- Advertised in a national newspaper (e.g., The Globe and Mail)
Notice of Intent (NOI)
A Notice of Intent is a contracting method that informs the marketplace through BC Bid® of the ministry’s intent to direct award a contract to a specific service provider without undertaking a competitive process.
The posting describes the:
- Services to be performed
- Term of the contract
- Aggregate dollar value
- Rationale why the ministry has chosen to contract via this method
- Opportunity to object
The notice offers service providers the opportunity to object to the direct award and provide evidence to indicate they are capable of providing the services.
The notice and response process is used as proof that only one service provider was able to provide services when direct awarding a service contract of $50,000 or more. The presence of only one qualified or available service provider is one of the exceptional policy conditions under CPPM 6.3.3.a.
The process outlines a method for the Evaluation Committee to determine if the objection is valid or not according to the objector’s capabilities to also provide the services. If an objection is found to have merit, the ministry initiates a separate competitive process to award the contract.
When to use an NOI
A contract valued at over $10,000 for goods and $50,000 for services and construction is to be directly awarded on the basis that there is only one service provider qualified or available to provide the good, service or construction.
When not to use an NOI
A contract can't be awaded when:
- It's known that more than one service provider would be able to provide the same goods or services. In this situation, a full competitive process should be completed unless a direct award exemption applies
- The situation meets the exceptional conditions of the direct award requirements outlined in CPPM 6.3.3a, such as when contracting with another government agency or in an unforeseen emergency
- An openly advertised application or assessment process has been used to select a service provider, such as but not limited to those used in:
- Child care operating funds
- Autism agreements
- Foster care agreements
Ministry staff should write solicitations on approved procurement templates. Links to procurement templates are found on the MCFD Intranet site (iConnect) under Procurement Templates.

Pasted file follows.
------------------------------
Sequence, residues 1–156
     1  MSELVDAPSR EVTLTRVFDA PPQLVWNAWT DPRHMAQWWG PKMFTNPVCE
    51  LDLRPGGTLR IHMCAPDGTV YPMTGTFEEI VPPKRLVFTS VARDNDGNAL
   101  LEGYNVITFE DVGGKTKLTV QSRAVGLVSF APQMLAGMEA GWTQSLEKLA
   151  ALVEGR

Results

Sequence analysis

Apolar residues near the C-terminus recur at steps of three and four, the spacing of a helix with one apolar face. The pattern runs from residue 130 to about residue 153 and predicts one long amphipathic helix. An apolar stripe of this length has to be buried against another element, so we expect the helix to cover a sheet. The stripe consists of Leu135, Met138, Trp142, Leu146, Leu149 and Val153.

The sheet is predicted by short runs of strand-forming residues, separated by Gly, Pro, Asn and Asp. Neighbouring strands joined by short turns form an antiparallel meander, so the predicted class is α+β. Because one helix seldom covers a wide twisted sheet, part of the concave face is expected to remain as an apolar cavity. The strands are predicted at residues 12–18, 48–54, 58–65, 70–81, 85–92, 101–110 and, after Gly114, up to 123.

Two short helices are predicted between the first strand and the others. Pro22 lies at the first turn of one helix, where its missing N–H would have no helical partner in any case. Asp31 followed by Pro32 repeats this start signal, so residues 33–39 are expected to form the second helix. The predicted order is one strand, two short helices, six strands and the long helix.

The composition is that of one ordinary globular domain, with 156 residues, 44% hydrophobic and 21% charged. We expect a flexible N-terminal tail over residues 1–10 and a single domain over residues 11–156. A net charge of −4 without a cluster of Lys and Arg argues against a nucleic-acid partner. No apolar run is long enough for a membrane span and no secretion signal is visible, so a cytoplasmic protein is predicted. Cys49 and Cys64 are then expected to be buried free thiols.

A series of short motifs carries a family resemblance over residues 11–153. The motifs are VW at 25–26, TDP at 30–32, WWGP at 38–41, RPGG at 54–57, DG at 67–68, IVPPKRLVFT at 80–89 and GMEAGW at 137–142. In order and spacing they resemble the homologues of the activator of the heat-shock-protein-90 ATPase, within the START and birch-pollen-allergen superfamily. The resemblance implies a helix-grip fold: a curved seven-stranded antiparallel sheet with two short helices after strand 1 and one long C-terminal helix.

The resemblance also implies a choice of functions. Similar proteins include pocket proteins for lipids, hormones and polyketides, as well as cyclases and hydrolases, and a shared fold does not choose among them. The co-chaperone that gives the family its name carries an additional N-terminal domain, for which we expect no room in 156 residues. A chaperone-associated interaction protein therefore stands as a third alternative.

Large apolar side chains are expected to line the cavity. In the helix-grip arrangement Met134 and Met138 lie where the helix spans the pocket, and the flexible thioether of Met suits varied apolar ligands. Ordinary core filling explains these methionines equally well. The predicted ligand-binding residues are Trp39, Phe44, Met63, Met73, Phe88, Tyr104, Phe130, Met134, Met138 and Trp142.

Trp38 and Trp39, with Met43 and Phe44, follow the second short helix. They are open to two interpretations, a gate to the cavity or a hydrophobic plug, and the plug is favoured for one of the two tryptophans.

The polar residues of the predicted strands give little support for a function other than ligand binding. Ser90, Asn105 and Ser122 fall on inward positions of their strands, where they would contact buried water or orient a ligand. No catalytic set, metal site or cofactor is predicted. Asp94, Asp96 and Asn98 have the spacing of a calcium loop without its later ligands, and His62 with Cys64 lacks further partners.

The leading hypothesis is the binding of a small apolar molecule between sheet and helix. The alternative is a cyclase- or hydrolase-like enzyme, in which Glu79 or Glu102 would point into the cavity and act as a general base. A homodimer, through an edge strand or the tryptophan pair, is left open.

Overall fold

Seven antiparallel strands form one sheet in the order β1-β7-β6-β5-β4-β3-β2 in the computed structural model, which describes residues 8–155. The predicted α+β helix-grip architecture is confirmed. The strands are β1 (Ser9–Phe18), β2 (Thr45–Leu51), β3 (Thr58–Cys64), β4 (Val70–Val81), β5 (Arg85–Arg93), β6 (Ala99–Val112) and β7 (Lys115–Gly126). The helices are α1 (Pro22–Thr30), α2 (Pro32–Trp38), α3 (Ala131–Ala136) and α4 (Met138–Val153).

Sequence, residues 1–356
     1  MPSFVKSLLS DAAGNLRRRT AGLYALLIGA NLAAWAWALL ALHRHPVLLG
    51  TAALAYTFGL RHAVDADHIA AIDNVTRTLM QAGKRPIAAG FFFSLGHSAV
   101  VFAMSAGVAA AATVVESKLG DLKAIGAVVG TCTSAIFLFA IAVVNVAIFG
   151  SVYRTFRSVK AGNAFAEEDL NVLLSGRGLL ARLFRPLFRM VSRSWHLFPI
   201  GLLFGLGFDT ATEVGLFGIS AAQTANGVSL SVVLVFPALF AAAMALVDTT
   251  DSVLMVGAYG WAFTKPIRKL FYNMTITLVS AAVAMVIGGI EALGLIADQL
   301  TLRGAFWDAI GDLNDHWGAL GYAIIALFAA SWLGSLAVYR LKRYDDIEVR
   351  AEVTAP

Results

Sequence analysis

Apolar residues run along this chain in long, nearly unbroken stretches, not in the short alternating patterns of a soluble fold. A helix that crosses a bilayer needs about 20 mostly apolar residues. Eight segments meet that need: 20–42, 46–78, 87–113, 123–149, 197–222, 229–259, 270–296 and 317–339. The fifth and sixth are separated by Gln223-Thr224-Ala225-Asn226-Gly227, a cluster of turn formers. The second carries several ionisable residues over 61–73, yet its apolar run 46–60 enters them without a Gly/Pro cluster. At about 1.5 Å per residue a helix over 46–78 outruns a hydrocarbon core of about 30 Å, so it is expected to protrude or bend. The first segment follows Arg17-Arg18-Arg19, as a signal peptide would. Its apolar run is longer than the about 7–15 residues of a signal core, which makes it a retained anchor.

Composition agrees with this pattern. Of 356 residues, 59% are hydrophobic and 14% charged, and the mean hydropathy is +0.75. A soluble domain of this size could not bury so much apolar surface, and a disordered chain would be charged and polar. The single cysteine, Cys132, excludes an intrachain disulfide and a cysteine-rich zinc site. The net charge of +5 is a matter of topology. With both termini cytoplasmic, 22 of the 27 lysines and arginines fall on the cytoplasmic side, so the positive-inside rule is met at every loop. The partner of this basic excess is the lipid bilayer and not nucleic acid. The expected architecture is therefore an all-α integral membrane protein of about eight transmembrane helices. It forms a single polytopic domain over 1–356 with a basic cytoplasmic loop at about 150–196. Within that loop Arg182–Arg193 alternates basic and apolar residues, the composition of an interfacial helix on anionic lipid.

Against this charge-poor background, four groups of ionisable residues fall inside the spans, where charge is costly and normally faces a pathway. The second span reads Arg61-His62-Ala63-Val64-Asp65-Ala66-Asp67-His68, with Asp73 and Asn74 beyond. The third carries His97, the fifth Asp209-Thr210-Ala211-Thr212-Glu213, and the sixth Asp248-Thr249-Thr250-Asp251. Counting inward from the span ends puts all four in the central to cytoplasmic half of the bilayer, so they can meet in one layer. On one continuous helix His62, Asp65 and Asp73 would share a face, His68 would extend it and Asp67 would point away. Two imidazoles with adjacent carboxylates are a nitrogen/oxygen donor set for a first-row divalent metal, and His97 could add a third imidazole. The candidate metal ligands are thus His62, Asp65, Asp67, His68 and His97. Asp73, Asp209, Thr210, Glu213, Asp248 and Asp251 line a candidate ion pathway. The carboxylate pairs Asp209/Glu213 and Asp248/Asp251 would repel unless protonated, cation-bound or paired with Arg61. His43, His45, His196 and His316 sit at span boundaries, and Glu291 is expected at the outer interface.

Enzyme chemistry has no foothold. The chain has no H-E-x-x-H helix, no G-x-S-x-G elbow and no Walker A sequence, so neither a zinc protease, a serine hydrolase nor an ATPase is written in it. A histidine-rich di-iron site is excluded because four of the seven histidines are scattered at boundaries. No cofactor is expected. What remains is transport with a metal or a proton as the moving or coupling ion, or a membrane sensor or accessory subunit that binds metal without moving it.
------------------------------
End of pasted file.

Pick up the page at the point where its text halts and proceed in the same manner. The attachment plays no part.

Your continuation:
Ministry Action to Solicitation Documents Preparation
- Use ministry – specific templates where available (e.g. Notice of Intent)
- Where ministry specific templates are not available, use the BC Bid Resources Solicitation Templates;
- Do not make changes to templates. Changes can only be made by the ministry’s legal counsel and government’s Risk Management Branch
- Clearly define the work required
- Explain work with a level of detail that enables the service provider to clearly and accurately estimate the cost to provide the service
- Include supplemental information (e.g. reports, maps, summaries) to support the work requirements
- Provide an estimate of the contract budget, where appropriate. This enables service providers to better understand the extent of the work required and the ministry’s budget limitations
- Outline how proposals or bids will be evaluated. This allows the service provider to target their response to what the ministry needs to know, saving time for both the proposal writer and the evaluator
- Provide a contact person who is knowledgeable in the program and service requirements and can answer targeted questions
- Ensure that the information the service provider is asked to provide in their proposal or bid clearly links to the selection criteria
Ministry Actions to Option to Renew
- When using the option to renew, include it in all solicitation documents and capture this information in the final contract clause (typically in the contract cover page or Schedule A – Services and Deliverables)
- State the initial term of the contract and how many times the contract may be renewed, up to a maximum of five additional years
- When estimating the value of the contract in a Notice of Intent (NOI) or solicitation document, include the value of the optional renewals
- For more information, see Amend, Modify, or Renew the Contract
The ministry provides ongoing support to service providers in responding to solicitations. Procurement and contract management staff who provide this support are culturally sensitive and are willing, able and prepared to help all service organizations, as needed.
Service providers may wish to consider the following points when preparing responses to solicitations. Responses should:
- Be presented in a simple and clear format